2015....Analog broadcasting or TV and radio shut-off?

Discussion in 'Off-Topic' started by wakeke, Nov 29, 2008.

  1. wakeke

    Thread Starter Member

    Nov 29, 2008
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    Is this really true worldwide? This info was shared by our professors...What would be the advantages and disadvantages of in micro- and macro-sense? hmm...Is this a part of globalization? ...a process being headed by some "groups/nations" w/ 3rd world countries being left out or being pulled in with unnecessary risks in its economy...
     
  2. beenthere

    Retired Moderator

    Apr 20, 2004
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    You're going to have a hard time tuning in CBS come February 2009. I guess you missed news about HDTV.

    Your post really makes no sense.
     
  3. wakeke

    Thread Starter Member

    Nov 29, 2008
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    guess I'm not that updated...just wondering if it's worth talking about such things...
     
  4. loosewire

    AAC Fanatic!

    Apr 25, 2008
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    Talk about the 2009 t.v. change.
     
  5. Wendy

    Moderator

    Mar 24, 2008
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    I haven't heard about any other changes in AM and FM, I suspect that would cause way too much heartburn for the powers that be.

    Analog TV sets in the US will be obsolete for the airwaves in 3 months, as mandated by Congress of the USA. It all depends on where you live, Europe will be going through something similar from what I understand, on a different timetable.
     
  6. beenthere

    Retired Moderator

    Apr 20, 2004
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    The VHF TV frequencies are being removed from TV usage (HDTV takes way more bandwidth than standard TV) and will be auctioned off for other commercial usage.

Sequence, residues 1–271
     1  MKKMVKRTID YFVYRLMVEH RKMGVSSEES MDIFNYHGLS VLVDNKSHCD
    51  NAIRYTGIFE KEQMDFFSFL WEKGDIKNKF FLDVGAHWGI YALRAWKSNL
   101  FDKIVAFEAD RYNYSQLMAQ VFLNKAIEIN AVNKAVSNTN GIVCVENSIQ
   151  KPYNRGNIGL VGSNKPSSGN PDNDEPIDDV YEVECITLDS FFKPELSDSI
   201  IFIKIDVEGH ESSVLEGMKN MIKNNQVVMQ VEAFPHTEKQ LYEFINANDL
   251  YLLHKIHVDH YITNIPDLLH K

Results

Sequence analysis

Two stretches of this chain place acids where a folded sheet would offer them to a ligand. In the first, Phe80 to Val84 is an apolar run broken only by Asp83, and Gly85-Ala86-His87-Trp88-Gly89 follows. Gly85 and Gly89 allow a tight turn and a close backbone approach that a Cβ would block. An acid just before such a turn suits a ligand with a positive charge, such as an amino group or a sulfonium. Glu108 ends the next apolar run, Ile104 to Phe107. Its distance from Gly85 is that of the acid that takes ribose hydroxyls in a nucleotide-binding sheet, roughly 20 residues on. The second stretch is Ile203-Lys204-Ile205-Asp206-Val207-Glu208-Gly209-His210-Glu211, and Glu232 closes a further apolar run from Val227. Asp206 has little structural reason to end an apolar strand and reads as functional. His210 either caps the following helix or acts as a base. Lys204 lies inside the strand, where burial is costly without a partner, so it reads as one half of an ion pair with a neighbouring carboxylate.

Have some bucks handy and get your own personal frequency allocation.
     
  7. Ron H

    AAC Fanatic!

    Apr 14, 2005
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    That doesn't make sense. How could the requirement for more bandwidth lead to freeing up the UHF (you said VHF) channels for other uses? My understanding is that, due to digital compression, HDTV requires less bandwidth than standard analog TV.:confused:
     
  8. beenthere

    Retired Moderator

    Apr 20, 2004
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    Look at the sheer quantity of information involved. It probably isn't 24 bits per pixel, but much less than that wouldn't be HD.

    Ok, I looked at Wikipedia, which says the DTV compression does require less bandwidth. I don't watch, so I'm not real current with the transmission methodology.
     
  9. loosewire

    AAC Fanatic!

    Apr 25, 2008
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    I read or heard that A.D.T. was being sued for not disclosing how the
    2009 change would effect the alarms at change over time.Some one
    claimed that A.D.T. was going to allow people to wake up in 2009
    and have a alarm system that would not work, any one understand
    the freq.involved and the problem related to alarms.
     
    Last edited: Nov 30, 2008
  10. bertus

    Administrator

    Apr 5, 2008
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    Hello,

    Holland already switched to digital television broadcast at the beginning of this year.
    All analog Tv recievers are useless now. You need a "digitenne" reciever for recieving the signal (this is a DVB-T reciever).

    Greetings,
    Bertus
     
  11. Thevenin's Planet

    Active Member

    Nov 14, 2008
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    Are there any similarities in regard to NTSC LUMINANCE/CHROMA WAVE FORM AT THE RECEIVING END. OR would the color bust,horizonal sync,blanking level,equalizing pulses,ect. be in code pulses of some pulse width,space width, amplitude level. This digital stuff is new in my brains!
     
  12. Wendy

    Moderator

    Mar 24, 2008
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    Worse, it will be a MPEG standard I believe. Basically the TVs are going to be modified computers.
     
  13. beenthere

    Retired Moderator

    Apr 20, 2004
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    It is an 81 year old technology. I was surprised to see that the signal is compressed enough to use less bandwidth. I have no idea of the broadcast resolution, though, both in pixels and in bits per color.

    If it were anything like my 16:9 monitor, that is 1,296,000 pixels (14,400 x 900). At 24 bit color, that is 31,104,000 bits per frame. At 60 frames/sec, that is 1.866 X 10^10 BPS. That would be a tad more than the 6 MHz bandwidth current tv uses.
     
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